The poets life and works are being explored in three exhibitions in New York, the city that saw him create some of his most profound poems
In July 1855, a pair of Scottish immigrant brothers, Andrew and Thomas Rome, published about 800 copies of a book of a dozen poems at their Brooklyn Heights printing press. The title of the text, Leaves of Grass, was printed in vine-like gold letters on its rich green front cover, which made no mention of its author, Walt Whitman, a friend of the Rome brothers who had talked them into publishing his book of poetry.
The text was like no other book that ever was written, a critic for Life Illustrated claimed at the time. Readers cracked open Leaves of Grass to find an engraved frontispiece of Whitman, his gaze direct, one hand on his hip and the other in his pants pocket, framing an outfit consisting of a wide-brimmed hat and a loose, unbuttoned shirt that was unusually bohemian for a member of his contemporary literary class. To some, the text was even more surprising than the image of Whitmans likeness: the author penned the 12 poems in free verse, eschewing traditional standards of rhyme and meter, and addressed his readers directly and often in the first person while inquiring ideas about death, democracy, sexuality and the body.
Within weeks of the initial publication, Ralph Waldo Emerson called the text the most extraordinary piece of wit and wisdom that America has yet contributed. And Sara Willis also known as Fanny Fern, Americas first professional female newspaper columnist praised Whitmans work in her column in the New York Ledger the following year. But outrage over Whitmans frank, sensual literary musings reverberated throughout the following decades among moral fundamentalists: the book got Whitman fired from his job in the Department of the Interior in 1865, and was banned by the district attorney of Boston in 1882.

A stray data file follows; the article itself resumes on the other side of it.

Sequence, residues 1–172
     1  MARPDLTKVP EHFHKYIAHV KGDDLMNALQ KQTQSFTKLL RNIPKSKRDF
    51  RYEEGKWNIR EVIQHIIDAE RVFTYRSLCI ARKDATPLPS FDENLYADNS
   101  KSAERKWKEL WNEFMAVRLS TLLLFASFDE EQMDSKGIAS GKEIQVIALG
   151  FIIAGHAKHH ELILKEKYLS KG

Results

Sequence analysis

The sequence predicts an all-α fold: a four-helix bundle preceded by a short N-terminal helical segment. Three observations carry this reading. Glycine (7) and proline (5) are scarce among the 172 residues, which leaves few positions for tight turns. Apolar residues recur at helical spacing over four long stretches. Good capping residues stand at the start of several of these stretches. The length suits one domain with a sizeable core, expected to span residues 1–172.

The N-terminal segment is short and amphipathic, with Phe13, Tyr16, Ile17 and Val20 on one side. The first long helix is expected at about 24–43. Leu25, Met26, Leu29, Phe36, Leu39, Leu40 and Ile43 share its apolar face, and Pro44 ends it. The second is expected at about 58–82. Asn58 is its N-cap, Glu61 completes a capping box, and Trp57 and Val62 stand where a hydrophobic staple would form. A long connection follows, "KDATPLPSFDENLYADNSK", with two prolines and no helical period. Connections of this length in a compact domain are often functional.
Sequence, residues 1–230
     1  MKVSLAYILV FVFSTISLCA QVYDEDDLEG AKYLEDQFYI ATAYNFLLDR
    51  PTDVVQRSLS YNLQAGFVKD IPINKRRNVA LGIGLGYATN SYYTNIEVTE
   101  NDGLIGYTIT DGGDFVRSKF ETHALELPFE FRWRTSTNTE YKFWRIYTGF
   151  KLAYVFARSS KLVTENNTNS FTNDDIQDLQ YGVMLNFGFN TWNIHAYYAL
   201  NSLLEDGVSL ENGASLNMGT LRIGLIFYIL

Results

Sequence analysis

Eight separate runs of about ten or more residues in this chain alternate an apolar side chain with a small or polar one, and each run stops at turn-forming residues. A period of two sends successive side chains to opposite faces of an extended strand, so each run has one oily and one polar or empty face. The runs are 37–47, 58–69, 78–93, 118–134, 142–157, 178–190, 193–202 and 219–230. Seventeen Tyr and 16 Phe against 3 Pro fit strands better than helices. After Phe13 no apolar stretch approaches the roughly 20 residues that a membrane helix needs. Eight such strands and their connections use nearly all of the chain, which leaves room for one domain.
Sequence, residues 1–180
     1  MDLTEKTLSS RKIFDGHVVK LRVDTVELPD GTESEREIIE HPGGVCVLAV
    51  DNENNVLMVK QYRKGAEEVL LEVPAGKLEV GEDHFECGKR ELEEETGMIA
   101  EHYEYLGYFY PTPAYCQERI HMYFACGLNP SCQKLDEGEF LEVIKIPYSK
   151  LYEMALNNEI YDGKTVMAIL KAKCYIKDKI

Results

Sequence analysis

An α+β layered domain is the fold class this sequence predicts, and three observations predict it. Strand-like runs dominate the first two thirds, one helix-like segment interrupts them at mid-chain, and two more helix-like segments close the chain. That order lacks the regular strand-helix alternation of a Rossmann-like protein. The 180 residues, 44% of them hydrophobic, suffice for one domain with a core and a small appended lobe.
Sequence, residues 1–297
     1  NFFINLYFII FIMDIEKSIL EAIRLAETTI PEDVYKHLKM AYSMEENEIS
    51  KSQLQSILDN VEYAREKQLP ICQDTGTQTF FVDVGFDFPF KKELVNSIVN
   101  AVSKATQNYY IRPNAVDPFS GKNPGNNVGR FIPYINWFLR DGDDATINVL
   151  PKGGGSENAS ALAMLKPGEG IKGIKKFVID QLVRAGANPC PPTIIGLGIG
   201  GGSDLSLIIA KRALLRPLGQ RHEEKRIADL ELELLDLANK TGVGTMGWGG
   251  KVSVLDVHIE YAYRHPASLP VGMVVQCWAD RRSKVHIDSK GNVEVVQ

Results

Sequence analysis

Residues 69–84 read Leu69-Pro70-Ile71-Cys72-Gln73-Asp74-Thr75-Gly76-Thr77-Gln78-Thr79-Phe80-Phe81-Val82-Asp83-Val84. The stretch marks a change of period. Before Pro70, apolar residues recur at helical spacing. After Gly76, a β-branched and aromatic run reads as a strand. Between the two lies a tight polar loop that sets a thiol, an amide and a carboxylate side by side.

Despite the mixed reviews, Leaves of Grass would become one of the most influential works of American literature over the course of the next century. And Whitman might have predicted it: I celebrate myself, he wrote in the first line of the book. This summer, in the year of the bards bicentennial, a trio of exhibitions across New York City celebrates the poets life, work and legacy. At the New York Public Library, Walt Whitman: Americas Poet examines the people, places and experiences that most influenced Whitman. The Morgan Library & Museums Walt Whitman: Bard of Democracy considers the writers evolution over the course of his career. And at the Grolier Club, Poet of the Body: New Yorks Walt Whitman highlights Whitmans formative years in New York, as well as the intimate relationships that shaped both his work and his personal life.
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